"The Voice" is back for Season 3 and it really does look like three's the charm for the NBC reality singing competition. Christina Aguilera graduated from leather diapers to leather daisy dukes.
So what makes a great reality judge? Is it the ability to make solid judgments about the contestants? Is it expertise? Flair? An on-stage pet, Cee Lo Green style?
Riffing had its roots in rhythm and blues. There was so much pain in this music that the melody just wouldn't do. But this is not what we hear in contemporary music. It's almost a competition to see who can do the most riffs, the fastest, the highest and the loudest.
On the last night before the winner of "The Voice" Season 2 is revealed, the four finalists -- Jermaine Paul, Juliet Simms, Chris Mann and Tony Lucca --sang thrice: a duet, a tribute and a final performance that viewers will vote on.
I commend the good intentions that go into The Voice, and although I am even a fan of the show, I am not convinced that a person's throat is their most valuable body part in the end.
It's shocking that we're only a week away from the Season 2 finale, when a winner will be crowned. But for now, Christina Aguilera is the one wearing the tiara.
Well, that was rough. We thought this was just a performance night, but Team Christina and Team Blake each lost another member on "The Voice" tonight in a very unexpected instant elimination.
Blake makes some disturbing comment about throwing his panties at James Massone (Gross, Dad!), but Coadge Cee Lo is proud to have a blossoming ladies' man on his team. We're not quite seeing it. We just see that headband.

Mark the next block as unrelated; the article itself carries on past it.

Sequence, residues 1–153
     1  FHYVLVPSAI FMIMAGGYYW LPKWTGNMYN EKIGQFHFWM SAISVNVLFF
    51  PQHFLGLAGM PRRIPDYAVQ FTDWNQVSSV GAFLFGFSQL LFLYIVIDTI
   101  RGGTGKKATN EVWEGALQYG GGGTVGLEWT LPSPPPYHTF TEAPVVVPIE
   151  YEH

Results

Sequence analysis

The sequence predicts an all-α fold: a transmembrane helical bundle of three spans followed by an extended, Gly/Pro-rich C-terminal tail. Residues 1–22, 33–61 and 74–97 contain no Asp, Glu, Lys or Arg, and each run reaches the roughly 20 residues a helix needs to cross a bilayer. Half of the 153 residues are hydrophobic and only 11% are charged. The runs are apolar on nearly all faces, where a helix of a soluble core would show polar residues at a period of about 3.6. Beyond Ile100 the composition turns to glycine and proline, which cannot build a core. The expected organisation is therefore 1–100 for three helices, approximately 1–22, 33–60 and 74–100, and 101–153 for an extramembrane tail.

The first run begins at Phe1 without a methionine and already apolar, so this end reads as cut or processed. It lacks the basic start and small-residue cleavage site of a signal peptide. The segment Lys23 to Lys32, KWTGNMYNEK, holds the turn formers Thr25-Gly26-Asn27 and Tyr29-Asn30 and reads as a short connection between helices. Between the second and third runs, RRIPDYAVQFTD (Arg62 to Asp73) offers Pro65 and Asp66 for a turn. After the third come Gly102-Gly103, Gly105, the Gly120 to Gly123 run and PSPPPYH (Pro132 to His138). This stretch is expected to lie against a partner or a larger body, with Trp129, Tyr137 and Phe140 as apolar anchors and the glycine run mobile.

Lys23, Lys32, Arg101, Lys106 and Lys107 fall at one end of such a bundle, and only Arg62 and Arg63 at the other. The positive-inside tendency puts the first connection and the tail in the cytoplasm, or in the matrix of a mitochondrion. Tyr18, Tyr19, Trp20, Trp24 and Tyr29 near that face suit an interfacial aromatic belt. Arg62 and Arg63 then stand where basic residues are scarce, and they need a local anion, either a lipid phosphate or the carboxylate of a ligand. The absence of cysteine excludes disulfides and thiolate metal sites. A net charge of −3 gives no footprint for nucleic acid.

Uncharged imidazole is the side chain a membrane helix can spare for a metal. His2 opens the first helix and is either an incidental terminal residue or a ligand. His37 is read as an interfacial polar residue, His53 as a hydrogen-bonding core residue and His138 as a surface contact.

As Jer's performance begins, we are instantly reminded of how ridiculously theatrical the performances can get on "The Voice": He emerges from a cloud of smoke in the back of the theater like the *NSYNC Pop Odyssey tour.
It's the last installment of the battle rounds on "The Voice" (finally!) and you know what that means ... You never have to look at the bedazzled discus Christina calls a hat ever again.
Unlike some of Season 1's standouts, we've yet to see a battle become more like a complimentary duet. That is, until tonight.
Though we were largely underwhelmed by last week's Battle Rounds, the second installment this week certainly made up for it. But this episode also brought two competitive duets that tore our hearts out because we loved both contestants so much.
The Catholic Church seems ready to codify what music lovers have known for nearly a millennium: Hildegard von Bingen is a saint. Vatican Insider repor...
Whitney does differentiate herself from her previous competitors when it comes to her name, in that it is not like the Pips and Jonathuses and Charlotte Sometimes and Duckies we have seen.
James Massone is a 23-year-old Bostonian (with the accent to prove it) who works in his family's auto shop. James wants to get out of the body shop and make a career out of his singing,
The judges faced the audience and listened as Campbell, a single father, belted out the first few notes of 'A Song for You," originally performed by Ray Charles.